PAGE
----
Common sense also condemns what is “too general.” In life it is said to be a “situation” and not a theory that confronts us. The man who is trusted is the man of experience, and experience is ordinarily taken to mean acquaintance with some group of individual facts. In political life what one needs is not general ideas, but familiarity with concrete circumstances; one must know men and measures, not man and principles. Historians are suspicious of vague ideas of civilization and progress; the important thing is to know just what happened. In the industrial world, what is needed is not a theory of economic value, but a knowledge of present costs, wages, and prices. As a preparation for life it is more important to train the eye and the hand, which can distinguish and manipulate, than the reason and imagination, which through their love of breadth and sweep are likely to blur details, or in their groping after the ultimate are led to neglect the immediate thing which really counts. Common sense would not, of course, condemn generalization altogether. It has too much respect for knowledge, and understands that there is no knowing without generalizing. There must be rules and classifications, even laws and theories. But the generalizing propensity of mind must be held in restraint; after a certain point it becomes absurd, fantastic, out of touch with fact, “up in the clouds.” The man of common sense, planted firmly on the solid ground, views such speculations with contempt, amusement, or with blank amazement.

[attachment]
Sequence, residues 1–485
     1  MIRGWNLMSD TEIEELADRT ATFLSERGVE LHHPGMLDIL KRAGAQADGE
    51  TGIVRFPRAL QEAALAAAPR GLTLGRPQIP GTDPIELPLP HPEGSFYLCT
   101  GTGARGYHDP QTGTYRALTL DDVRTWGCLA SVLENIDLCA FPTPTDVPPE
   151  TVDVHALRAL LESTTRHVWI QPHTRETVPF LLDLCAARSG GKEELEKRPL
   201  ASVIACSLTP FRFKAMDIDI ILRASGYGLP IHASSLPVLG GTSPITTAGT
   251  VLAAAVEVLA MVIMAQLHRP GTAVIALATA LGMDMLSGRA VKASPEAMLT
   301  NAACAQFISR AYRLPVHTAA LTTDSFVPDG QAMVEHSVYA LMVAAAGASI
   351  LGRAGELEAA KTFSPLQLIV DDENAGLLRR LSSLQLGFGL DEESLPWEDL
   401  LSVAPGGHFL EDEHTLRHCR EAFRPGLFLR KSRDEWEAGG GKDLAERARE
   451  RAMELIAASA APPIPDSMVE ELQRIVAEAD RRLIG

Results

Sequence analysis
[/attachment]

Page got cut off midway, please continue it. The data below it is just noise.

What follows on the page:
Philosophy offends against common sense, then, not because it generalizes, for, after all, no one can think at all without generalizing; but because it does not know when to stop. And the philosopher is bound to offend, because if he is true to his calling, he must not stop. It is his particular business to generalize as far as he can. He may have various motives for doing this. He may be prompted by mere “idle curiosity” to see how far he can go. Or he may believe that the search for the universal and the contemplation of it constitute the most exalted human activity. Or he may be prompted by the notion that his soul’s salvation depends on his getting into right relations with the first cause or the ultimate ground of things. In any case he is allotted the task of formulating the most general ideas that the nature of things will permit. He can submit to no limitations imposed by considerations of expediency. He loses his identity altogether, unless he can think more roundly, more comprehensively, or more deeply, than other men. He represents no limited constituency of facts or interests; he is the thinker at large.

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